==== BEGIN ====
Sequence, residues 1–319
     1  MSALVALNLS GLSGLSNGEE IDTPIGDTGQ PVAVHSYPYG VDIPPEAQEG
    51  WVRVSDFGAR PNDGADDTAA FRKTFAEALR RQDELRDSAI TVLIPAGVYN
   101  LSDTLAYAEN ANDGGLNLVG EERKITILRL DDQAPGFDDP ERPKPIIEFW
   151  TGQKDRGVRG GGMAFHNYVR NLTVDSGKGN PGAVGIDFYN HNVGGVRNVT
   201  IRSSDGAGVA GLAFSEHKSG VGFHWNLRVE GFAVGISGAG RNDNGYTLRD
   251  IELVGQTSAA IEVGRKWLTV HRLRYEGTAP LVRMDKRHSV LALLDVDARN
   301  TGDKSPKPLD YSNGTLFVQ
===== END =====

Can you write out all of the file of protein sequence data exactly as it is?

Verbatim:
Sequence, residues 1–319
     1  MSALVALNLS GLSGLSNGEE IDTPIGDTGQ PVAVHSYPYG VDIPPEAQEG
    51  WVRVSDFGAR PNDGADDTAA FRKTFAEALR RQDELRDSAI TVLIPAGVYN
   101  LSDTLAYAEN ANDGGLNLVG EERKITILRL DDQAPGFDDP ERPKPIIEFW
   151  TGQKDRGVRG GGMAFHNYVR NLTVDSGKGN PGAVGIDFYN HNVGGVRNVT
   201  IRSSDGAGVA GLAFSEHKSG VGFHWNLRVE GFAVGISGAG RNDNGYTLRD
   251  IELVGQTSAA IEVGRKWLTV HRLRYEGTAP LVRMDKRHSV LALLDVDARN
   301  TGDKSPKPLD YSNGTLFVQ